Lucchesi's strong start unravels quickly
Lefty cruises through five before loading the bases in the sixth
LOS ANGELES -- Dodger Stadium grew restless. Joey Lucchesi had pitched five excellent innings, keeping the potent L.A. offense at bay. The Padres, meanwhile, were making Clayton Kershaw work hard. With a one-run lead in the sixth, they put two men aboard and had a chance to break the game open.
First, a critical decision loomed.
Lucchesi was due up with two outs. He was sitting on 81 pitches and had already traversed a tricky Dodgers lineup twice. Francisco Mejia was available to pinch-hit, and the bullpen was mostly rested after Wednesday’s off-day. Manager Andy Green decided to ride the hot hand.
The decision backfired and things unraveled quickly in the Padres’ 8-2 loss to the Dodgers on Thursday night. Lucchesi grounded out to end the top of the sixth, then loaded the bases with two-out walks to Cody Bellinger and Tyler White.
“We had the lead,” Green said. “[Lucchesi] had pitched well enough to earn the right to be in that game. … For us, it’s, ‘Go pitch through seven now, Joey. Nobody's holding you back.’”
With the bags full, Green summoned right-hander Trey Wingenter to face Will Smith. Wingenter’s 2-1 fastball caught too much plate, and Smith sent it soaring over the wall in straightaway center field. Dodger Stadium erupted.
“Get that out in the sixth, and it's a 2-1 ballgame,” Lucchesi said. “It didn't go our way. I've just got to be better.”
Green’s decision to call on Wingenter was a curious one. The hard-throwing righty was recalled from Triple-A El Paso before the game and was promptly thrust into the night’s highest-leverage situation -- with no margin for error.
“We trust him,” Green said. “We believe in him. We wanted him back in leverage-type situations for that purpose.”
With one swing, the Dodgers had a three-run lead, and they tacked on three more, putting the game out of reach. Afterward, with the Padres sitting eight games below .500 for the first time this season, the frustration was palpable.
“We had them beat all game,” said Hunter Renfroe, who homered off Kershaw in the second. “Then, just like in Dodger fashion, they get the big inning. Then all of a sudden, grand slam. I feel like it happens to us every time. Tip your hat off to them.”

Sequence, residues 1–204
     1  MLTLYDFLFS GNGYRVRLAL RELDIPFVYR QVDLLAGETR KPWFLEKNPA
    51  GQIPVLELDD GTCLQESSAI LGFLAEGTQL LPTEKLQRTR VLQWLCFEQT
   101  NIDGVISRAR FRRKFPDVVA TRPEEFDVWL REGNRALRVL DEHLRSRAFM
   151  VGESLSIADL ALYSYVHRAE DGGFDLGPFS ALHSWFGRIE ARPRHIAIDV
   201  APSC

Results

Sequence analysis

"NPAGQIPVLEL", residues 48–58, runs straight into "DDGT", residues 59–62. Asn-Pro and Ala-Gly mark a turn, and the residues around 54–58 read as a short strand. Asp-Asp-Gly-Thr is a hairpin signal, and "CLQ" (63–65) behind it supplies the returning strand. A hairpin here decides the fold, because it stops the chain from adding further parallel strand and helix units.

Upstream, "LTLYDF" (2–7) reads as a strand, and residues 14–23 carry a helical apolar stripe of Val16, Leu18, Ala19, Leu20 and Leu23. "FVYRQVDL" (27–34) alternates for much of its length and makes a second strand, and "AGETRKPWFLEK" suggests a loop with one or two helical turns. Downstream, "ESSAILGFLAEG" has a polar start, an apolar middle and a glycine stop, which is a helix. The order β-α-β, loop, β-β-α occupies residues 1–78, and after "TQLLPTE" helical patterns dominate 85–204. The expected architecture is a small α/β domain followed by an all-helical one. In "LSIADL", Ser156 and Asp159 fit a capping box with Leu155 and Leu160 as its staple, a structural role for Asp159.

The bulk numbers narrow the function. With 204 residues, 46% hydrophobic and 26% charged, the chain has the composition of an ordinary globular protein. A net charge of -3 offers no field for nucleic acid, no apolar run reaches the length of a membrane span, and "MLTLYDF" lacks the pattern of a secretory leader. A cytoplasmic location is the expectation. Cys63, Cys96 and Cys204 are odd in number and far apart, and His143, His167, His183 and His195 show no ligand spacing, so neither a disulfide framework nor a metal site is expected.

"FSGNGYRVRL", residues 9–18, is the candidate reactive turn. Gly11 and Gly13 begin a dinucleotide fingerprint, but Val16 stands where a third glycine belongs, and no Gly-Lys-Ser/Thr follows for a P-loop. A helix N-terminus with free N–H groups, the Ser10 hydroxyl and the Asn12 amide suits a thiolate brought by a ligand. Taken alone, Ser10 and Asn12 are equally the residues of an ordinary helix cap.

Renfroe added: “We’re right there. We’ve just got to keep grinding and battling. Because the club we have here can win -- and I think will win.”
For the better part of a year, the Padres fielded calls on their two heavy-hitting corner outfielders. When they traded Franmil Reyes on Tuesday, they indirectly committed themselves to a future with Renfroe in the middle of their lineup.
So far, so good.
Renfroe crushed a Kershaw slider 405 feet down the left-field line, giving the Padres an early 1-0 lead. It left his bat at 112.5 mph -- the hardest anyone has hit a baseball against Kershaw this season. It was Renfroe’s 30th homer of the year, the first time a Padres outfielder has hit that mark since Greg Vaughn in 1998.
“Forty would be better,” Renfroe quipped.
He’s on pace for it.
The Padres’ offense battled Kershaw all night, working five walks and six hits against the veteran left-hander. For all their efforts, they only mustered two runs.
“We were making him throw a lot of pitches and we were bareling up a lot of baseballs,” Renfroe said. “We just really couldn't get that big inning.”
The San Diego offense went 1-for-11 with men in scoring position, leaving 11 runners on base. On top of that, Fernando Tatis Jr. twice ran into outs at third.
That said, the Padres’ effort against Kershaw was markedly different from his past starts against them. Their five walks were more than Kershaw had issued in his previous six starts against San Diego combined.
“Shoot, we had good at-bats all night long,” Green said. “It just came down to those opportunities. When we had the chance to maybe get a big hit, we didn’t come through.”
Too frequently, the Padres let Kershaw off the hook. In the sixth inning, the Dodgers made them pay for it.